WASHINGTON (DTN) -- After a two-session sell-off triggered by concerns over global recession, Brent crude and West Texas Intermediate futures advanced early Tuesday amid a sharp pullback in the U.S. Dollar Index as investors positioned ahead of the release of fresh U.S. economic data, including durable goods orders and the consumer confidence index, while Hurricane Ian, now over Cuba, is forecast to reenter the eastern Gulf of Mexico, with its current path expected to disrupt at least some oil operations in offshore Gulf waters.
Chevron and British Petroleum said Monday they would move oil workers to safety and halt production at some offshore oil platforms as Hurricane Ian is expected to make landfall on the coast of Florida late Wednesday. DTN WeatherOps forecasts that once Ian enters the eastern Gulf, it is forecasted to strengthen further to a peak strength of around 120 knots. Wire services indicated Chevron would close two platforms with combined production capacity of around 120,000 barrels per day (bpd), while BP will close two platforms, each with a capacity of more than 100,000 bpd.
In foreign exchange markets, the U.S. dollar weakened 0.5% against a basket of foreign currencies to trade near 113.430, lending support for the U.S. crude benchmark. West Texas Intermediate November futures traded on the New York Mercantile Exchange advanced $1.07 barrel (bbl) to $77.79 bbl, reversing higher from Monday's $76.42 nine-month low on the spot continuous chart. Brent, the international crude benchmark listed on the Intercontinental Exchange, gained $1.33 bbl to trade above $85 bbl. NYMEX RBOB October futures added 5.06 cents to $2.4348 gallon, and the front-month ULSD contract rallied 8.54 cents to $3.2145 gallon.
Tuesday morning, investors await the release of fresh U.S. economic data that is expected to show further softening of business conditions in August, with durable goods orders seen falling to a -0.4% following a -0.1% reading for July. Durable goods orders typically correlate closely with broader industrial activity and provide insight into supply chains for such industries as machinery, manufacturing, and transportation.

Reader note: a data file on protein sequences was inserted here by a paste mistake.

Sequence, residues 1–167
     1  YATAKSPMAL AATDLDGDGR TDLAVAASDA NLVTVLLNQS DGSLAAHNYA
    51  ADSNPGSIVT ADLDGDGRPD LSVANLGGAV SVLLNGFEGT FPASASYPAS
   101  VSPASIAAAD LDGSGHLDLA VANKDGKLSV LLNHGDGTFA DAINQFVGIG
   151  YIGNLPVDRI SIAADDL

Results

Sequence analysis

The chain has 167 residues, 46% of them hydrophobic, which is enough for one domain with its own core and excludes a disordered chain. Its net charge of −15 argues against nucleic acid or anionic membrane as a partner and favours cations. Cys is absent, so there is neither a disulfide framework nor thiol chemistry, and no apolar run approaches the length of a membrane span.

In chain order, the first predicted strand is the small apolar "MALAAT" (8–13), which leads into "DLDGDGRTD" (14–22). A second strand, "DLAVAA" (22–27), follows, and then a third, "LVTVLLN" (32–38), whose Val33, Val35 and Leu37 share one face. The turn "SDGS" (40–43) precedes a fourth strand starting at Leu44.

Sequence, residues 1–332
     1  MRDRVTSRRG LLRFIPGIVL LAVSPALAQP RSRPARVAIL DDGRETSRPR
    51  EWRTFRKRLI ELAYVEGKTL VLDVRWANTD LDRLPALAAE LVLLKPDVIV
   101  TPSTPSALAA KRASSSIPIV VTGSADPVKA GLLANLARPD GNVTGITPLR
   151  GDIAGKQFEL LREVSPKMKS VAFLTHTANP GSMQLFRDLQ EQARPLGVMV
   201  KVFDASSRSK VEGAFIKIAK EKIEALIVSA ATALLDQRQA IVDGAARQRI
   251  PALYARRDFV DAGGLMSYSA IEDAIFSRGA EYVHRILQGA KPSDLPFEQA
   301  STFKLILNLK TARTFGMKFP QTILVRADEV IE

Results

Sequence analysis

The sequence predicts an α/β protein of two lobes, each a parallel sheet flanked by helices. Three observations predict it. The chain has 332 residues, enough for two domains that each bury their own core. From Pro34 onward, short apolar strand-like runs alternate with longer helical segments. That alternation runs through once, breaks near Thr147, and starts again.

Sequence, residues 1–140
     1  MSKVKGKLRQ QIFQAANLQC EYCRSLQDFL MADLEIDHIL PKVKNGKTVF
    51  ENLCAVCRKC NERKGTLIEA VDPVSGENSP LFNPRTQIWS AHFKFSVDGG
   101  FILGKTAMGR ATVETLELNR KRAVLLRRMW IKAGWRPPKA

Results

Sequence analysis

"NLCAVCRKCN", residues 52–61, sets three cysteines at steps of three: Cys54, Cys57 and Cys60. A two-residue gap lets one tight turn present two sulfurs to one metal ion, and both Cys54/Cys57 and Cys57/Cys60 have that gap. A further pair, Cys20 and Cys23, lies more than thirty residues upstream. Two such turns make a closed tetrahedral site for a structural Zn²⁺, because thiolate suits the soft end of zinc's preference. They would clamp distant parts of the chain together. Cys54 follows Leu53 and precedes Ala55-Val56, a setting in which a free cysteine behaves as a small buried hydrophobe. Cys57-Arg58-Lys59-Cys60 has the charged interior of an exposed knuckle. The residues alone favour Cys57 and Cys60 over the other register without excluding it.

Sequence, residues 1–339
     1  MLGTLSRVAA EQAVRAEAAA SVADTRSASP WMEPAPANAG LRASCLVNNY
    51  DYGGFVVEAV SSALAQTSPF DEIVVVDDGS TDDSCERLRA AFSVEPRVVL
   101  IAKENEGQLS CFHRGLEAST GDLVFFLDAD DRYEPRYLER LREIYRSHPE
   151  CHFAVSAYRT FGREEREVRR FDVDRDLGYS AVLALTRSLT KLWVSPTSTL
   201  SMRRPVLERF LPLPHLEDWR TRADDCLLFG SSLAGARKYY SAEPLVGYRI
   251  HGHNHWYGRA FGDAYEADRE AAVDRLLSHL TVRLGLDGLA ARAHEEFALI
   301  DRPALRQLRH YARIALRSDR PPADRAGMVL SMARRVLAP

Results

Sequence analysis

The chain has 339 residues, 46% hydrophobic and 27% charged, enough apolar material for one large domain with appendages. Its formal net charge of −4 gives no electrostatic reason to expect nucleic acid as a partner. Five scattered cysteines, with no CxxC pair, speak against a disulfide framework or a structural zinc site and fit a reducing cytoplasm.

Also, the Conference Board will release its monthly report on U.S. consumer confidence for September on Tuesday morning that is expected to show confidence improved for a second consecutive month to 104.3 after falling to post-pandemic low mid-summer.
Internationally, the Organization for Economic Cooperation and Development lowered its economic growth projection for the reminder of the year and for 2023, citing debilitating effects of Russia's war in Ukraine on supply chains and inflation. In "Paying the Price of War" released Monday, OECD downgraded global GDP growth next year to 2.2% from 2.8% seen in the prior outlook, with inflation spreading faster and deeper than previously estimated. Inflationary pressures are now seen broadening beyond food and energy almost everywhere, with businesses throughout the global economy passing through higher costs for energy, transportation, and labor.
"A risk to the Outlook is that reductions in energy supplies from Russia to the European Union prove much more disruptive than assumed in the projections," warned OECD in its September report, adding that "taken together, these shocks could reduce growth in the European economies by over 1.25% in 2023, relative to baseline, and raise inflation by over 1.5%."
Liubov Georges can be reached at email@example.com